Vermont was the first state to designate a day of the year to clean up litter along the roadsides.
Green Up Day started 52 years ago in 1970. The first year, participation and results far exceeded expectations.
According to a release from Charlotte’s Green Up Day coordinators, 95 percent of the 2,400 miles of the interstate and state roads and 75 percent of the 8,300 miles of town roads were cleared of garbage, that first year.
Vermont’s wonderful tradition of de-trashing will be celebrated this year 9 a.m.–4 p.m., Saturday, May 7. As usual the collection site will be the parking lot on the west side of Charlotte Central School.
As in the past, the annual e-waste recycling will once again be sponsored by Sustainable Charlotte at the event.
The coordinators believe these are the things you should know about Green Up Day in Charlotte:
Sign up for a route (three ways): 1) on our website charlottevtgreenupday.com until 6 p.m., Friday, May 6; 2) email Kim at until 6 p.m., Friday, May 6; or 3) at the event on Saturday, May 7. Signing up for a route makes sure everyone gets a road that hasn’t been cleaned up yet.
Get bags: This year green bags for trash will be given out and optional clear bags for redeemable and recyclable plastic containers that get rinsed and recycled. Bags can be picked up at the Old Brick Store, the library and Spear’s Corner Store starting April 30 and at the event on Saturday. Please do not leave filled bags on the roadside — they must be returned to the event site.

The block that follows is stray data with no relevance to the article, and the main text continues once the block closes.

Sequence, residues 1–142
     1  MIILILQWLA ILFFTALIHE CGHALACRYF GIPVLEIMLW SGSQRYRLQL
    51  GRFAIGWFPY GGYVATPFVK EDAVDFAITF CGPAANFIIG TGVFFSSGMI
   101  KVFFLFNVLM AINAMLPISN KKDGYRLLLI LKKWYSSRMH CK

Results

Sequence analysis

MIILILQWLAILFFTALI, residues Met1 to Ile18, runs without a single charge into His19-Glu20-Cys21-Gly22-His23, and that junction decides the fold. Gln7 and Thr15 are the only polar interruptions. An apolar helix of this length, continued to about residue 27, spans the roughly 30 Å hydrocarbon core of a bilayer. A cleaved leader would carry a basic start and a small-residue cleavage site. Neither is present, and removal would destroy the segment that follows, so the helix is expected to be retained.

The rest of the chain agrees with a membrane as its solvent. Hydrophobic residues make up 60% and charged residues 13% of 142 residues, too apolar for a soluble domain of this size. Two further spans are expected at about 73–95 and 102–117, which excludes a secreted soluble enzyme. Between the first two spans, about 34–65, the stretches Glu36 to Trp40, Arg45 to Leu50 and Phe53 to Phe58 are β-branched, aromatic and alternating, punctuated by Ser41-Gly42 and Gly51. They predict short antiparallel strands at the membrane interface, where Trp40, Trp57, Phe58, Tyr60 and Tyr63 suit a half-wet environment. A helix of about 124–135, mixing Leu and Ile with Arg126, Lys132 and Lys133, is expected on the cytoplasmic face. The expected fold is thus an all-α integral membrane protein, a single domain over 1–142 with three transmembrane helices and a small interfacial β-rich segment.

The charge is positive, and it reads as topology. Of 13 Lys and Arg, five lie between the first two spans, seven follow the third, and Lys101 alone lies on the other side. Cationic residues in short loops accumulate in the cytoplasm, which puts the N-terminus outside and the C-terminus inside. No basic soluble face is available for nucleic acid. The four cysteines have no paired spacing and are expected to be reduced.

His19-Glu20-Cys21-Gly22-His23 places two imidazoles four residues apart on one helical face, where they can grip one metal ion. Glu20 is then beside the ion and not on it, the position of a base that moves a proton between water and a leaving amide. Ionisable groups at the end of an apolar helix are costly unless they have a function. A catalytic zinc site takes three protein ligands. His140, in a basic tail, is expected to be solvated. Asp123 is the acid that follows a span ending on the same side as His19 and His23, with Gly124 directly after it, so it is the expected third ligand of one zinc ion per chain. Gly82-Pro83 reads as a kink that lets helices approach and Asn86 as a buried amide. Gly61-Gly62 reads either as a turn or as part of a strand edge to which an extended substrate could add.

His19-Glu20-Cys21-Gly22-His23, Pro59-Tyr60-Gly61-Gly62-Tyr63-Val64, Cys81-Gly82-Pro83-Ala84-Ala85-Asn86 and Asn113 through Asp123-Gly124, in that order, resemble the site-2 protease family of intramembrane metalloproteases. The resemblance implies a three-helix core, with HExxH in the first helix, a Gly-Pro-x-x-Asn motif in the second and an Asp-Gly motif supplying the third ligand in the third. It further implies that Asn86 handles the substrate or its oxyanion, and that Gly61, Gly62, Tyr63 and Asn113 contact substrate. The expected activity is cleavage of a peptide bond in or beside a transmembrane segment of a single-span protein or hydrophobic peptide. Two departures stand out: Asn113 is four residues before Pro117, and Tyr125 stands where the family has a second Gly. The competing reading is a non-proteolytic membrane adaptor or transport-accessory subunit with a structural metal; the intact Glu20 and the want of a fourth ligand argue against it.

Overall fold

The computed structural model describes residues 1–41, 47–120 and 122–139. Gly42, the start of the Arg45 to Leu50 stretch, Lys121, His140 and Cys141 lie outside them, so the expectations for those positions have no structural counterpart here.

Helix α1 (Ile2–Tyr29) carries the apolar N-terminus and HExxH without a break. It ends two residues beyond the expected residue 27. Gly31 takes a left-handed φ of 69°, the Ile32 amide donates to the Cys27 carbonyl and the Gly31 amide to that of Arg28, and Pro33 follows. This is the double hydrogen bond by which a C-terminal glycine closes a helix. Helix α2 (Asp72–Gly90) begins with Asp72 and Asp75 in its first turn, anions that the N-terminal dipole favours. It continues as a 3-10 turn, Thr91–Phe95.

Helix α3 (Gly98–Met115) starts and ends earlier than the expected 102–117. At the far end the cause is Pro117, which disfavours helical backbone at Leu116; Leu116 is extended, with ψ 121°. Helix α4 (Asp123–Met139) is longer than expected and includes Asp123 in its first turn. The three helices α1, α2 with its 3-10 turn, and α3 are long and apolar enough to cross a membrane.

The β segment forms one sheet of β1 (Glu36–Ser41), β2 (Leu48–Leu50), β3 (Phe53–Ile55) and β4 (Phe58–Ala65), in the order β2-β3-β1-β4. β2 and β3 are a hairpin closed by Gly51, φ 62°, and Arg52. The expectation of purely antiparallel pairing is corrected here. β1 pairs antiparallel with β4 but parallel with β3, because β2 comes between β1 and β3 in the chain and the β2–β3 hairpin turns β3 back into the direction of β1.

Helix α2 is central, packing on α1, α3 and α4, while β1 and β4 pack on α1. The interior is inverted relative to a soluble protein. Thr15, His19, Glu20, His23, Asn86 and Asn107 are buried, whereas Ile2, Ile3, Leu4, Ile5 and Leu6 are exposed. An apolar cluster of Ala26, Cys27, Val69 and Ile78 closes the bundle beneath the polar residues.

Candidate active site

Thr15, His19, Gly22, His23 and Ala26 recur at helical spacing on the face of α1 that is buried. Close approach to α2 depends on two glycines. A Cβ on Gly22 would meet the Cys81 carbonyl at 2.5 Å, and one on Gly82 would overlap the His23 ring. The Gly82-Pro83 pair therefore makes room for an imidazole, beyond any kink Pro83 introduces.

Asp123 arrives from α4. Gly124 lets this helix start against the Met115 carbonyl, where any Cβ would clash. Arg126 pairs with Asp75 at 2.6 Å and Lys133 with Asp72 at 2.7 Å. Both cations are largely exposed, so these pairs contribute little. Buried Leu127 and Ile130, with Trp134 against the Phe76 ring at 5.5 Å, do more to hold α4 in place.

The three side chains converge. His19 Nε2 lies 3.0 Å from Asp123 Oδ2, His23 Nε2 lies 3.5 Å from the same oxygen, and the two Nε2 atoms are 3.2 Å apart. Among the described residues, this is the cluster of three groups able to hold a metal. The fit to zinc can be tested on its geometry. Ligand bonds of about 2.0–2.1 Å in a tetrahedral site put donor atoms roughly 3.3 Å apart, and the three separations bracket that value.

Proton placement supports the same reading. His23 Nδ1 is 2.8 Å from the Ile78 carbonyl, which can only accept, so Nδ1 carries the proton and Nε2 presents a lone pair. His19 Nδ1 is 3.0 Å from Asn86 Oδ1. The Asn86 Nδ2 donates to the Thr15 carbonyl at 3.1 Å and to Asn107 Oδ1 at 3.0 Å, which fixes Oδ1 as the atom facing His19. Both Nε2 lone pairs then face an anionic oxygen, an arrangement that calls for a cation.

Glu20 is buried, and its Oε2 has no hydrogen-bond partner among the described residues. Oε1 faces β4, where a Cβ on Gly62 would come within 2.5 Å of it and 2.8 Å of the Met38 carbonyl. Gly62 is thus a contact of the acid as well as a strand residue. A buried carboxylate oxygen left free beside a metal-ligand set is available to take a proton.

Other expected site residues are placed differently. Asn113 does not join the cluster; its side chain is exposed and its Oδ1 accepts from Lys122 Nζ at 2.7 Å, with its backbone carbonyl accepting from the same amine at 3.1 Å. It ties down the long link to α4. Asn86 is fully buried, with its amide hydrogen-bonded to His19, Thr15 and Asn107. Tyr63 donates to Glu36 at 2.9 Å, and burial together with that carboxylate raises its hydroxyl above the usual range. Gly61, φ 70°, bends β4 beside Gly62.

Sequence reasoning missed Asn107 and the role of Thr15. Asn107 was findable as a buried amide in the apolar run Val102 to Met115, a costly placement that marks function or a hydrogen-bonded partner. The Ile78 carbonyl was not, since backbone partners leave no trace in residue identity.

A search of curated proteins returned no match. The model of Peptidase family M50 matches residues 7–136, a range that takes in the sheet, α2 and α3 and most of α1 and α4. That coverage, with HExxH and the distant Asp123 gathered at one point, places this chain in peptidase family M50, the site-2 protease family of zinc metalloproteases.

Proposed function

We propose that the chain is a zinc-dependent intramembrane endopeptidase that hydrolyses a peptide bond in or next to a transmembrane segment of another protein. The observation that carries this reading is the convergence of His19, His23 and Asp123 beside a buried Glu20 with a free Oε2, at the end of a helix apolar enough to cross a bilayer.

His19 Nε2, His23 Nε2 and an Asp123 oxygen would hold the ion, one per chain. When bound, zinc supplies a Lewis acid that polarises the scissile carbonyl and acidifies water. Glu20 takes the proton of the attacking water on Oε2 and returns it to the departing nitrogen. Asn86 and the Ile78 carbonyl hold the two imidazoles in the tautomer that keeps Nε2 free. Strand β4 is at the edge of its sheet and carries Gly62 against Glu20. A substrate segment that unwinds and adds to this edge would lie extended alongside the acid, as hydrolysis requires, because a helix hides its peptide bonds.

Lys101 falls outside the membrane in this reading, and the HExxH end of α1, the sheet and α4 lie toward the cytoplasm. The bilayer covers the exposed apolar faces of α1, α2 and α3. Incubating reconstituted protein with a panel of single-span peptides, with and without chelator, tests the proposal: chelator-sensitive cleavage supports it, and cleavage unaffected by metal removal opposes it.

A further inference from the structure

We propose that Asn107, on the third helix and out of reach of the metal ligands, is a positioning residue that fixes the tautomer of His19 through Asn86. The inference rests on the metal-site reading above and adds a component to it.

Volunteer: Volunteers are needed. Co-coordinators Ken Spencer and Kim Findlay would love to have helpers at the Quonset Hut. Two-hour (or more) shifts available.
Tires: The de-trashers will only accept tires found on roadsides. This is not the place to get rid of your personal tires. The Chittenden Solid Waste District transfer stations take tires.
Hazardous waste: This is not a hazardous waste drop off event.
Findlay said, “It warms my heart to see folks out cleaning up our town together. Whether driving, biking or walking around town, isn’t it great to not see that junk on the side of the road and to share a collective feeling of stewardship?”